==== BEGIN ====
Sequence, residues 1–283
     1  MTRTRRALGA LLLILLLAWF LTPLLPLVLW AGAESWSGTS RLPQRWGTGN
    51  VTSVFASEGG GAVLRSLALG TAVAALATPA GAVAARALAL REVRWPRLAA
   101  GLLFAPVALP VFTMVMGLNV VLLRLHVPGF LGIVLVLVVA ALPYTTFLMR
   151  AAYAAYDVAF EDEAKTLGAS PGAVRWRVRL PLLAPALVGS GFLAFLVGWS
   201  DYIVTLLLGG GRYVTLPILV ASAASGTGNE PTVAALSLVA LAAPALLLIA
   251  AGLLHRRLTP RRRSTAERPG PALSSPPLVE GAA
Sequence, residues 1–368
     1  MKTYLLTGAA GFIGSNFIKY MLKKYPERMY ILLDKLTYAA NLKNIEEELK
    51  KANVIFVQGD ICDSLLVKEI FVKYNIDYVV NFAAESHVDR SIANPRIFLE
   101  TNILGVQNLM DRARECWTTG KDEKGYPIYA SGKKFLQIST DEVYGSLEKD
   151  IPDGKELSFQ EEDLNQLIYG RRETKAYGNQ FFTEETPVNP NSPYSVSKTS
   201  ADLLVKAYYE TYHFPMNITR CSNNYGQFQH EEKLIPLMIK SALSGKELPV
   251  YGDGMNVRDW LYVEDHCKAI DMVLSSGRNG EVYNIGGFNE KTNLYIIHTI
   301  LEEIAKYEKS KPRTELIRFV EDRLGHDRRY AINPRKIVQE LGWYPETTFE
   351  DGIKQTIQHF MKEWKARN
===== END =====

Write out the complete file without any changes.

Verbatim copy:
Sequence, residues 1–283
     1  MTRTRRALGA LLLILLLAWF LTPLLPLVLW AGAESWSGTS RLPQRWGTGN
    51  VTSVFASEGG GAVLRSLALG TAVAALATPA GAVAARALAL REVRWPRLAA
   101  GLLFAPVALP VFTMVMGLNV VLLRLHVPGF LGIVLVLVVA ALPYTTFLMR
   151  AAYAAYDVAF EDEAKTLGAS PGAVRWRVRL PLLAPALVGS GFLAFLVGWS
   201  DYIVTLLLGG GRYVTLPILV ASAASGTGNE PTVAALSLVA LAAPALLLIA
   251  AGLLHRRLTP RRRSTAERPG PALSSPPLVE GAA
Sequence, residues 1–368
     1  MKTYLLTGAA GFIGSNFIKY MLKKYPERMY ILLDKLTYAA NLKNIEEELK
    51  KANVIFVQGD ICDSLLVKEI FVKYNIDYVV NFAAESHVDR SIANPRIFLE
   101  TNILGVQNLM DRARECWTTG KDEKGYPIYA SGKKFLQIST DEVYGSLEKD
   151  IPDGKELSFQ EEDLNQLIYG RRETKAYGNQ FFTEETPVNP NSPYSVSKTS
   201  ADLLVKAYYE TYHFPMNITR CSNNYGQFQH EEKLIPLMIK SALSGKELPV
   251  YGDGMNVRDW LYVEDHCKAI DMVLSSGRNG EVYNIGGFNE KTNLYIIHTI
   301  LEEIAKYEKS KPRTELIRFV EDRLGHDRRY AINPRKIVQE LGWYPETTFE
   351  DGIKQTIQHF MKEWKARN